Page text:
The German word "Land", spelled exactly like the English one (though pronounced differently) carries many political, constitutional and historical meanings absent from the English term (at present a constituent state of the German Federal Republic, in the past a principality of the Holy Roman Empire).

The title of the well-known Italian novel Il Gattopardo was rendered in English as "The Leopard", in which the translator was led astray by a false friend; Italian gattopardo, while being the cognate of "leopard", in fact refers to other felines (the American ocelot, the African serval and an extinct type of Italian wildcat).

False friends can be most confusing exactly when the meaning in the one language has diverged only slightly from the one in the other. For example, German "Hund" and Dutch "Hond" are the cognates of English "Hound", but they refer to all dogs, whether or not used for hunting. And French "Librairie" is the cognate of "Library" but refers to a bookshop.

Another Spanish/English false friend is "embarrassed/embarazado". Where "embarrassed" in English means approximately "ashamed", a similar-sounding Spanish word, "embarazada", means "pregnant".

A Spanish/Maltese false friend is guapo/a and gwapp/a respectively. While the former means "handsome", the latter gives an ironic sense of "not good at what they do".

The Latin root of concur has several meanings; "to meet (in battle)" and "to meet (in agreement)". In many European languages, words derived from this root take after the first meaning - English being a notable exception (e.g. French concurrent is a "competitor" in English). Additionally in some languages a "concourse" (Swedish konkurs, Finnish konkurssi) takes its meaning from "concourse of debtors", that is, it means bankruptcy.

The French verb attendre means "to wait", yet an English speaker learning French might expect the English equivalent to be "attend", which means "to participate in" or "to go to". However, the verb "attend" in English is translated as assister in French and asistir in Spanish, both of which could be further misinterpreted as equivalent to the English "assist", which means "to help". Both cases are examples of false friends.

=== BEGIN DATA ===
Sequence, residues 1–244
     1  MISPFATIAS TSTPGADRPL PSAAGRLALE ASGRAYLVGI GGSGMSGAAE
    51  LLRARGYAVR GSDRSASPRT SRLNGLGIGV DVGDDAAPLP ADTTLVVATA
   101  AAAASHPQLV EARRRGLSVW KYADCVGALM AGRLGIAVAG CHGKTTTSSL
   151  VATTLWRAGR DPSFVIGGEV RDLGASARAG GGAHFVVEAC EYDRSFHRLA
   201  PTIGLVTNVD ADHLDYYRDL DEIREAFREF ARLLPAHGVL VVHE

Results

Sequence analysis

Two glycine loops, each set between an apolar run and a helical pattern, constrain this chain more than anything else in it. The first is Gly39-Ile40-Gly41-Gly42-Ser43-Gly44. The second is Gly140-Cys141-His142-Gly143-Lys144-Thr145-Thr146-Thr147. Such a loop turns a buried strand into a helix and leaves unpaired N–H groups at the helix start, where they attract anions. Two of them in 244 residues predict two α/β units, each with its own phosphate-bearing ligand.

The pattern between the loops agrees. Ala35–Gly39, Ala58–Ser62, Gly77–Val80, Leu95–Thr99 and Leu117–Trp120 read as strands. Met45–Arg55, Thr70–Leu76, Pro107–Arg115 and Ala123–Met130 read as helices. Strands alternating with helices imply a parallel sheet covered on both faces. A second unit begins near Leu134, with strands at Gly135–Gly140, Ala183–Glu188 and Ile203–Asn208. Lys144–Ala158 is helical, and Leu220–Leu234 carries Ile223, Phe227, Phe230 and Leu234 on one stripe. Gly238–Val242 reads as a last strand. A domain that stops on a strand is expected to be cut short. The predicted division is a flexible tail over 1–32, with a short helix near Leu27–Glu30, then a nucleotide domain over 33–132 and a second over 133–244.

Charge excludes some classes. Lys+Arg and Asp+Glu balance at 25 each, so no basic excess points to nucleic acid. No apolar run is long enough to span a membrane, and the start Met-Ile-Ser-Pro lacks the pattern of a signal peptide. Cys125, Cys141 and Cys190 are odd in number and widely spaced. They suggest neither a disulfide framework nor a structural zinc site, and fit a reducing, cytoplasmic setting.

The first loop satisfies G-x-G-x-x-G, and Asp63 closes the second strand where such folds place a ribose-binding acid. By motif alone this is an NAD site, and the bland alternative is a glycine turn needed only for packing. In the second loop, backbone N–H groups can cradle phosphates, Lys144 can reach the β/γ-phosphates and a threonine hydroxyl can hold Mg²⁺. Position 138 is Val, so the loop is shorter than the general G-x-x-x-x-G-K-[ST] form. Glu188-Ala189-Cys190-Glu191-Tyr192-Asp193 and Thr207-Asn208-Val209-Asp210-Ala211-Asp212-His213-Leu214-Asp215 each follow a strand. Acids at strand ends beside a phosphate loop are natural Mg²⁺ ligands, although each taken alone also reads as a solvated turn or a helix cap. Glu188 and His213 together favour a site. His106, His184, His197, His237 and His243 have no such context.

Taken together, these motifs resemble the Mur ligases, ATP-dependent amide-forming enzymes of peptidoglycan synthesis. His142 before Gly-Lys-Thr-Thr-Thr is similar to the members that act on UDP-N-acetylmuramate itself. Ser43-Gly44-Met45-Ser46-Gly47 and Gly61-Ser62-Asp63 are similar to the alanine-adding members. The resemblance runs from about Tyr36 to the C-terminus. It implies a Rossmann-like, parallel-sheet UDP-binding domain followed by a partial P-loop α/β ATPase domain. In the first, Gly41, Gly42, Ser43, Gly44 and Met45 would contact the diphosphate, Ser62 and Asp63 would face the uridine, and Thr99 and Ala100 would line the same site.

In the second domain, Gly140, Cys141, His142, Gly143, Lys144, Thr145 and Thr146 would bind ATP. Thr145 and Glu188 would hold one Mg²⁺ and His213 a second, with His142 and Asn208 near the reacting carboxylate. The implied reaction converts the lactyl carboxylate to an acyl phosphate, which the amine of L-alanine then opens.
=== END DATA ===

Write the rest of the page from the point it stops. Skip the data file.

Semantic change

In bilingual situations, false friends often result in a semantic change—a real new meaning that is then commonly used in a language. For example, the Portuguese humoroso ("capricious") changed its referent in American Portuguese to "humorous," owing to the English surface-cognate "humorous."

"Corn" was originally the dominant type of grain in a region (indeed "corn" and "grain" are themselves cognates from the same Indo-European root). It came to mean usually wheat in England, but maize in North America, although the American usage is becoming dominant in the UK.

The American Italian fattoria lost its original meaning "farm" in favour of "factory" owing to the phonetically similar surface-cognate English "factory" (cf. Standard Italian fabbrica "factory"). Instead of the original fattoria, the phonetic adaptation American Italian farma (Weinreich 1963: 49) became the new signifier for "farm" – see "one-to-one correlation between signifiers and referents".[6]

This phenomenon is analysed by Ghil'ad Zuckermann as "(incestuous) phono-semantic matching".

See also


  1. ^ Shakespeare's false friends
  2. ^ Merriam-Webster definition of verb "table"
  3. ^ Mollin, Sandra (2006), Euro-English: assessing variety status 
  4. ^ Günther Drosdowski, Paul Grebe, editors. 1963. Duden Etymologie Das Herkunftswörterbuch. Series: Das Standardwerk zur deutschen Sprache. Bibliographisches Institut Mannheim/Wien/Zürich. ISBN 3-411-00907-1
  5. ^ Geoff Parkes, Alan Cornell, 1992, "NTC's Dictionary of German False Cognates", National Textbook Company, NTC Publishing Group
  6. ^ See p. 102 of Zuckermann, Ghil'ad 2003, ‘‘Language Contact and Lexical Enrichment in Israeli Hebrew’’, Houndmills: Palgrave Macmillan, (Palgrave Studies in Language History and Language Change, Series editor: Charles Jones). ISBN 1-4039-1723-X.